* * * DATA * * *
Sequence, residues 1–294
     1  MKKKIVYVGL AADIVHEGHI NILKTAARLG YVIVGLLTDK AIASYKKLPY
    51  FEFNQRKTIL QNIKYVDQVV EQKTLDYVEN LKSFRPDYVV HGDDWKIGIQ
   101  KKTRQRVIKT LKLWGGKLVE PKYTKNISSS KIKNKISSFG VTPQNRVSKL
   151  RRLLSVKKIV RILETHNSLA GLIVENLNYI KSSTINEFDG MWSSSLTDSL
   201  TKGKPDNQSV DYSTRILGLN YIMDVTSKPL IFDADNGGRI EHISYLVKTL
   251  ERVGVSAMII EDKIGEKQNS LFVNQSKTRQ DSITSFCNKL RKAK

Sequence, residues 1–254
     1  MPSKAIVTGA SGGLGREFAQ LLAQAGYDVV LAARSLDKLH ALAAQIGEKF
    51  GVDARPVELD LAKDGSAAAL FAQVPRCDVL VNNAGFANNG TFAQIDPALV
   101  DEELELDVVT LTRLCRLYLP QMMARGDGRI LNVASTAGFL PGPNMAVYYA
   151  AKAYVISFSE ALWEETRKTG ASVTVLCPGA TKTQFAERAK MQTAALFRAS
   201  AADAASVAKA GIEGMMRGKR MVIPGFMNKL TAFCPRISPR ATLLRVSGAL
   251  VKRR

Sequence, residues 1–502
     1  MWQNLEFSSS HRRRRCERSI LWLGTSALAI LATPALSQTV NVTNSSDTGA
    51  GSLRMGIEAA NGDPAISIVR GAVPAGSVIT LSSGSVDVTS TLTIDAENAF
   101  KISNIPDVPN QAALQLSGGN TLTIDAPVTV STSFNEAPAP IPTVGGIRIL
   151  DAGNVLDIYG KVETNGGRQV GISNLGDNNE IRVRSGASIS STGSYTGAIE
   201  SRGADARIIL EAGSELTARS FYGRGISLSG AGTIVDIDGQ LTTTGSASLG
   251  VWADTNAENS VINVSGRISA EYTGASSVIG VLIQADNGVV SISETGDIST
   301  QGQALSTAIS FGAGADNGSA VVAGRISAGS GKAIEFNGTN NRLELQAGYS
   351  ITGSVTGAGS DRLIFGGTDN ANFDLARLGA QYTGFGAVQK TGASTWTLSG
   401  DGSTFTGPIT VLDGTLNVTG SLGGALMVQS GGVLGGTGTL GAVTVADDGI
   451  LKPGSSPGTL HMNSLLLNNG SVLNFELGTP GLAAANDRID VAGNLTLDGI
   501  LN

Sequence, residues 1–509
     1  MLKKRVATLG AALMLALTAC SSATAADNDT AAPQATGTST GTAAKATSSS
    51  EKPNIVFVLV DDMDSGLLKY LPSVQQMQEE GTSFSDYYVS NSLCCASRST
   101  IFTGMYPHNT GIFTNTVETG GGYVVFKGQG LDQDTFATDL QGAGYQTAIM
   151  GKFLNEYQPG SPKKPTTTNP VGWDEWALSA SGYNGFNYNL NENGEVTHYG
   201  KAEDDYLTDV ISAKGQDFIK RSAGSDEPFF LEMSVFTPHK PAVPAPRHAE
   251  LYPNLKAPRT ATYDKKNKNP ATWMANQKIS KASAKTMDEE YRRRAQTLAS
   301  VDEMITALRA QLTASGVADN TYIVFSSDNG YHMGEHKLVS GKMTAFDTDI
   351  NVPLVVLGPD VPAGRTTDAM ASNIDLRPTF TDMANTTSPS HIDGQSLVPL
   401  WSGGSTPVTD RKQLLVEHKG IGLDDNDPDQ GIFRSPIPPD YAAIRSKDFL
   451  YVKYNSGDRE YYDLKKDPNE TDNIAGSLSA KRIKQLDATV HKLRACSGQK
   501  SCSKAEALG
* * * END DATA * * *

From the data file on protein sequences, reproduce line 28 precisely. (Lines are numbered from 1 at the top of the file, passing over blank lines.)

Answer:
     1  MLKKRVATLG AALMLALTAC SSATAADNDT AAPQATGTST GTAAKATSSS